A major metropolis has a gravitational pull that reaches far beyond its city limits and suburbs. Actually, this can affect various fields quite differently.
Manhattan, for instance, holds sway over classical music and opera across the entire continent. Most soloists have an apartment there, as do many conductors who also reside in the cities whose orchestras they lead. It’s all about connections.
Los Angeles, meanwhile, has the movie industry, thanks to Hollywood, and Nashville is the nation’s country-music capital.
And Washington, as the center of national government, is always in the headlines.
You get the picture.
Across the country, smaller clusters appear. State capitals, of course, are one focus as they span all the communities in the state – and this often includes much larger cities. Again, consider Albany, miniscule in comparison to the Big Apple, or Harrisburg in between Philadelphia and Pittsburgh.
Chicago’s long reach over the meat industry is another, or the Twin Cities’ impact on the grain industry. Think of Toledo, Ohio, with glass, Detroit with the automotive world, or Pittsburgh with steel.
In fact, the economic pull and push of a city is a fascinating topic of investigation. The money that powers the place has to come from somewhere – as do the materials that supply it. In turn, the city has to sell its goods and services somewhere. It’s a matter of balancing what comes in with what goes out, in more ways than one.
So business and finance are defining elements. Again, Wall Street’s role in corporate investment gives New York national prominence, but other cities have similar impact.
Part of the fixation in watching the Covid-19 spread in the U.S. is in the suspense of discovering how accurately the experts’ projections hold up, especially in contrast to the deceptive and wishful thinking emanating from the White House and its cronies.
With the disease now in all 50 states and up more than 600 percent in the last week alone – or from 30 cases at the beginning of the month to 68,440 as of Thursday – the question becomes just how high and how fast those exponential numbers soar. You know, do our social isolation actions tamp down the rise or do continuing exposures fuel more spikes in the spread? To think, at the current rate we would have 2½ million cases in two weeks or 90 million by a month from now. Here in New Hampshire, the eventual infection rate is pegged at 50 percent.
You’re already familiar with the hospital overload potential. With 95,000 intensive care beds in the United States, most of them in regular use for heart attack and accident victims and the like, and a population of 330 million, there’s not a lot of margin to deal with.
For perspective, think what a serious cold does to you. I mean, sometimes it really zaps your thinking. Think of your workplace if even a quarter of your colleagues were out sick. Now extend that to every service you rely on. Uh-huh. Oh, yes, and what about those lingering bugs we seem to get, the ones that never quite go away like forever. By the way, a fever of 103 to 105 degrees is nothing I want to ever endure again. How about you?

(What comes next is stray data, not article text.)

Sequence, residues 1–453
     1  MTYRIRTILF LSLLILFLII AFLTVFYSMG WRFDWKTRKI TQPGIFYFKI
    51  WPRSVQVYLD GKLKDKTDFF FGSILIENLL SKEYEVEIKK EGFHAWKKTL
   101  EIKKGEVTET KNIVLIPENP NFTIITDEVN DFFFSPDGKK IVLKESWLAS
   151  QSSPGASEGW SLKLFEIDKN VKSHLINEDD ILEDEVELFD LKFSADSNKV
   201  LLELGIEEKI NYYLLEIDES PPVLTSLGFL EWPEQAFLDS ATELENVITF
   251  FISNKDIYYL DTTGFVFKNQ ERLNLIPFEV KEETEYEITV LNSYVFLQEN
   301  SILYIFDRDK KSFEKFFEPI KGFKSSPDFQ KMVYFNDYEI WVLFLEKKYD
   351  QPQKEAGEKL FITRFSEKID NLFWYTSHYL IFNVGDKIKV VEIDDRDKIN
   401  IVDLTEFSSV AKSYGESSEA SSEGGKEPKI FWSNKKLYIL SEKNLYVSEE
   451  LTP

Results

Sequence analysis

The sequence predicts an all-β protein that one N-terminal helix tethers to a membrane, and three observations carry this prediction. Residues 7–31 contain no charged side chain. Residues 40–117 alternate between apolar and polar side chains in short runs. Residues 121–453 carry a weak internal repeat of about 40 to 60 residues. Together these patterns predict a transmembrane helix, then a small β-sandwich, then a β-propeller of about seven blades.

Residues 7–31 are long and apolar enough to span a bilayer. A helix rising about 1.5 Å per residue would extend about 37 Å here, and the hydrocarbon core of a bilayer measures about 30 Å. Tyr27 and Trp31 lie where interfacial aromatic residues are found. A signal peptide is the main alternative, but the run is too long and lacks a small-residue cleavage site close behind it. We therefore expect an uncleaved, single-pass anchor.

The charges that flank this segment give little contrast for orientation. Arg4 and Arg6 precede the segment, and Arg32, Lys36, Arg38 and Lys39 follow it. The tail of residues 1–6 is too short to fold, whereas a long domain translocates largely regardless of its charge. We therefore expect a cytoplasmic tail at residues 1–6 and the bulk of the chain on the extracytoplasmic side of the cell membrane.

And then, if our efforts really do deflate the dreadful scenarios we’re seeing, will a large portion of the public cynically dismiss the warnings as liberal hype? The disregard for the warnings has been disturbing enough, especially the part about infecting others even if you aren’t exhibiting symptoms.
The bigger health matter is not about the number of cases but rather the 20 percent of those that become life-threatening serious. Not just the deaths, either, but the potential for long-term harm. Permanent heart damage, for instance. We’re just now learning.
People under age 65 have been assuming it’s no big deal, but a figure out of France should be a wake-up call. Half of those in intensive care there were recently reported to be under 30. As for here? Welcome back from spring break. One more figure to keep an eye on.
You know many of the other questions and uncertain answers we’re following as we watch the numbers.
Will the number of cases actually fall off in warmer weather?
Will the coronavirus mutate and come back hard in autumn?
Will it become like the common cold, something that returns year after year?
How much immunity will we have?
How soon will a vaccine be available and what will the side-effects be? Will the anti-vaccers refuse it or welcome it?
And then there are all the stories coming out of the “shelter-in-place” experience.
In my circle, we’re still sputtering over the audacity of some of those who claim to be “pro-life” but now claim that the deaths of up to two million presumably older Americans is a small price to pay to “save” the economy. Remember, theirs is already a pro-military (not exactly a “pro-life” mission) camp that was all-too-ready to spout misleading anti-Obama advertising warning that “death squads” would rule important health-care decisions (totally ignoring the reality that insurance companies were already doing that) when it came to medical coverage. Now we see the true colors of these callous offiials. It’s been all about profits, not people, all along. Babies didn’t cost them anything. Honestly, they should be tagged anti-abortion. Pro-life is far more inclusive, embracing health care, housing, and education support.